Regardless of why you have to synchronize your code or of the mechanism you choose to synchronize your code, you are left with a problem: there is a portion of your code that can only be executed by one thread at a time.
In addition to synchronization and locking, make sure to measure excessive or unnecessary logging, code dependencies, and underlying database and infrastructure issues.
Read the full eBook, Top 5 .NET Performance Metrics, Tips & Tricks here.
Your PHP application may be utilizing a backend database, a caching layer, or possibly even a queue server as it offloads I/O intensive blocking tasks onto worker servers to process in the background. Whatever the backend your PHP application interfaces with, the latency to these backend services can affect the performance of your PHP application performance. The various types of internal exit calls may include:
- SQL databases
- NoSQL servers
- In-memory cache
- Internal services
- Queue servers
In some environments, your PHP application may be interfacing with an obscure backend or messaging/queue server. For example, you may have an old message broker serving as an interface between your PHP application and other applications. While this message broker may be outdated, it is nevertheless part of an older architecture and is part of the ecosystem in which your distributed applications communicate with.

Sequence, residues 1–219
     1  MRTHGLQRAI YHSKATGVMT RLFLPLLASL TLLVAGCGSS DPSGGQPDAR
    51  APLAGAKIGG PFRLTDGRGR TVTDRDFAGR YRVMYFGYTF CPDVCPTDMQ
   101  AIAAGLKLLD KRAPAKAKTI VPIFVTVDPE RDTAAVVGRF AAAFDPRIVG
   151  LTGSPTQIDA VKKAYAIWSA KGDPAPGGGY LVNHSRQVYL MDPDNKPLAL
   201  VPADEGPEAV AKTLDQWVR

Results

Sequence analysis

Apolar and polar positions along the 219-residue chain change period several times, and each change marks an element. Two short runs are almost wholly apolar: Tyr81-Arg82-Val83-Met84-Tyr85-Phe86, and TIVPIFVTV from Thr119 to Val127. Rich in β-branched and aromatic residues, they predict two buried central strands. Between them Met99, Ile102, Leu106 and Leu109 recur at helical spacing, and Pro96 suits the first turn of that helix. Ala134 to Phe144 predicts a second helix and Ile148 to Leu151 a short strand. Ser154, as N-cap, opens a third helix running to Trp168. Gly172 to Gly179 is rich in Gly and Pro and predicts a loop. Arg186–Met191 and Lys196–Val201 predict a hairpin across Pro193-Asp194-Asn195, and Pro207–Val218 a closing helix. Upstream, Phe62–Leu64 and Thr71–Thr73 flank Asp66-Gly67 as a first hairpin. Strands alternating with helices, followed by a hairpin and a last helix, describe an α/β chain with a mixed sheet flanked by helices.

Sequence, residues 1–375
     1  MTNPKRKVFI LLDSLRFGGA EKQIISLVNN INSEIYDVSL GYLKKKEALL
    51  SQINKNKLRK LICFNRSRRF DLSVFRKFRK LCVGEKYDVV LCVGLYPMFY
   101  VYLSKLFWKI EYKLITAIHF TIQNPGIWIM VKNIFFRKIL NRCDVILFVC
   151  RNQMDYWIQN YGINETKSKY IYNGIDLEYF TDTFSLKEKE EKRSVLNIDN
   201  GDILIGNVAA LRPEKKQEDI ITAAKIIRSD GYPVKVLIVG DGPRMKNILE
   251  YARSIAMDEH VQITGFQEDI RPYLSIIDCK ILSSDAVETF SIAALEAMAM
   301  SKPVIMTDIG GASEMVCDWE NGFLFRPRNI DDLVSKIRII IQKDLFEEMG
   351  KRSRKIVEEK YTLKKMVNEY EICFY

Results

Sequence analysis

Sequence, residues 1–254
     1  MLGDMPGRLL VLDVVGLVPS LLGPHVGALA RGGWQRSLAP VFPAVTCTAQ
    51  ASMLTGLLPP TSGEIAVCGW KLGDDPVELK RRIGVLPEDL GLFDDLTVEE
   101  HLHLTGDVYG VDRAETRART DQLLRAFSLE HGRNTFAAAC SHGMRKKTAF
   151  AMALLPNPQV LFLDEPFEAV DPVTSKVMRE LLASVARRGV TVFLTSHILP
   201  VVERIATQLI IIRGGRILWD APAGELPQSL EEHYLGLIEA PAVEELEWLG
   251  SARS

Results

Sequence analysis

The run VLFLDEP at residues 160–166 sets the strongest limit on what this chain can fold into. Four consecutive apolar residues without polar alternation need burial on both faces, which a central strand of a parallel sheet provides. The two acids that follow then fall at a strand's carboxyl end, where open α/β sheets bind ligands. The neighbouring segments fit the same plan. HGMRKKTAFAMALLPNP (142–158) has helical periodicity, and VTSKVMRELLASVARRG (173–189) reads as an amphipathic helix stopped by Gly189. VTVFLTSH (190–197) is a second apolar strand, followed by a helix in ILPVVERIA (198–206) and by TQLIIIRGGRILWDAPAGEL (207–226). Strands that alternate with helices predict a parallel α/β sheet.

Along with monitoring the internal dependencies, make sure you measure your business transaction response time (as described above), external calls, and have an optimal caching strategy with full visibility into your application topography.
Read the full eBook, Top 5 PHP Performance Metrics, Tips & Tricks here.
In order to understand what metrics to collect surrounding Node.js event loop behavior, it helps to first understand what the event loop actually is and how it can potentially impact your application performance. For illustrative purposes, you may think of the event loop as an infinite loop executing code in a queue. For each iteration within the infinite loop, the event loop executes a block of synchronous code. Node.js – being single-threaded and non-blocking – will then pick up the next block of code, or tick, waiting in the queue as it continue to execute more code. Although it is a non-blocking model, various events that potentially could be considered blocking include: